Draw and retain a new and targeted workforce:
It’s no secret that we need to do some recruiting in order to meet the needs of our growing city, and in order for that to happen we have to make Kamloops more attractive to the professional demographics we need to support a healthy and prosperous community.
Fortunately, as a municipal government we have plenty of opportunities to adjust our approach.
Rethinking how we encourage and approve developments, incentivizing professionals through creative advantages, prioritizing opportunities for recreation and arts and culture, and building stronger partnerships with various sectors and other levels of government that can address issues outside of municipal control are all agenda items I will prioritize as a city councillor.
This is an incredible place to call home, but we need to make sure that Kamloopsians (old and new) are able to build a full life here. We need to be a place where everyone can thrive.
Support innovative and advantageous development:
Development, particularly housing, is currently our most pressing issue in Kamloops, especially because addressing general housing effectively will begin alleviating some of the other social issues our community is faced with.
We need to listen to the expertise of builders who have been telling us that arbitrary and blanket requirements, inefficient processes, and unnecessary bureaucracy are barriers to building the affordable homes that our population needs.
It’s past time to implement creative ways to cut red tape, change arduous zoning complexities, and decrease permit processing time. Co-operative housing, tiny home subdivisions, multi-family housing (ie. condos, duplex/triplex/fourplex, etc.), and other entry-level housing options (and making them possible) for the missing middle is necessary.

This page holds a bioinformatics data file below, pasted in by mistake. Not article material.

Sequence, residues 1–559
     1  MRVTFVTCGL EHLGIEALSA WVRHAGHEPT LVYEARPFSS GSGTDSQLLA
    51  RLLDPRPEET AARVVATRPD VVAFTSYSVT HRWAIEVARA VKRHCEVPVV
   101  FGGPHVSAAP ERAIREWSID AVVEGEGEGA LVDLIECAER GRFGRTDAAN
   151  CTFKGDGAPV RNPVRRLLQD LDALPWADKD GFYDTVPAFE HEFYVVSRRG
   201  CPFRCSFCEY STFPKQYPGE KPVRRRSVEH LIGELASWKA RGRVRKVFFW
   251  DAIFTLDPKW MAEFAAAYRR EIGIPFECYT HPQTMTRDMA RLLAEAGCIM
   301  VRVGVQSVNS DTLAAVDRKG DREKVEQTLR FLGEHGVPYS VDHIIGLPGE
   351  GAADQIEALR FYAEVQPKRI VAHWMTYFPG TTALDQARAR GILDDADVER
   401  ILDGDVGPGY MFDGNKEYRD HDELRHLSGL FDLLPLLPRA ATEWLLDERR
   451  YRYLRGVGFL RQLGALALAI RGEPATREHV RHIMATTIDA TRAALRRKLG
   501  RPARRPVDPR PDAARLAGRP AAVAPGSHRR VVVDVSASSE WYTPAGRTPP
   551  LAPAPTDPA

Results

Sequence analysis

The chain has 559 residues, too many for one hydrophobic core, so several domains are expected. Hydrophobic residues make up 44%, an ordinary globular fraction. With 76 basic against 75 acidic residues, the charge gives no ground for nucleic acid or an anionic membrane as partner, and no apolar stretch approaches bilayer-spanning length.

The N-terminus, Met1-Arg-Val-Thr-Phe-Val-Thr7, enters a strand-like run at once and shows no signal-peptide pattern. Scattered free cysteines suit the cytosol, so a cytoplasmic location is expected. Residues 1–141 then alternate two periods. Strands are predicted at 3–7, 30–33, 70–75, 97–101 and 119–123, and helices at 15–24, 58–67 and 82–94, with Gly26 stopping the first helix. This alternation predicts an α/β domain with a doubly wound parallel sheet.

With only 3% of available land to build on in Kamloops, we are also faced with a serious lack of options and need to explore innovative solutions for unlocking land.
Large capital projects also need to be initiated in Kamloops, particularly as we haven’t built a facility of significant scale in almost 30 years. For example, I am in favour of a Performing Arts Centre. I wrote a public column several years ago about why, but the Cliff Notes go like this: the Arts matter, this facility is desperately needed and will be utilized, it must be accessible, it’s a vital piece of a thriving economy, a robust business plan and funding model is paramount, timing is now everything, and “don’t look a gift horse in the mouth”.
Cast a proactive (not reactive) vision for the future:
If we want to get ahead, we must build a culture of "YES!" and turn away from the habit of "No".
We must say:
✔️YES to greater collaboration with our key partners like Tourism Kamloops, Venture Kamloops, Tk̓emlúps te Secwépemc, Canadian Home Builders' Association Central Interior, meaningful Engagement Groups, and others whose expertise should lead the way.
✔️YES to new ideas with sound business cases.
✔️YES to plans that secure the safety of the people of Kamloops (ie. continuum of care plans for seniors, appropriate evacuation plans for neighbourhoods and populations, citizens on patrol, etc.)
✔️YES to doing upstream work and not just managing downstream crises.
✔️YES to a new ways of doing things that challenge a historical norm that is no longer serving us well.
✔️YES to an honest examination of what is impeding our progress, and "YES" to the difficult decisions that will move us forward.
Only when we lead with an intelligent "YES!" can we move into the possibility of, "How?"
If our default position as a city continues to be that of depressed resignation, we will see more years pass and more issues compound.
But if we lead with the belief that "everything is figureoutable", then, YES!, figure it out we shall.
Action informed by community consultation: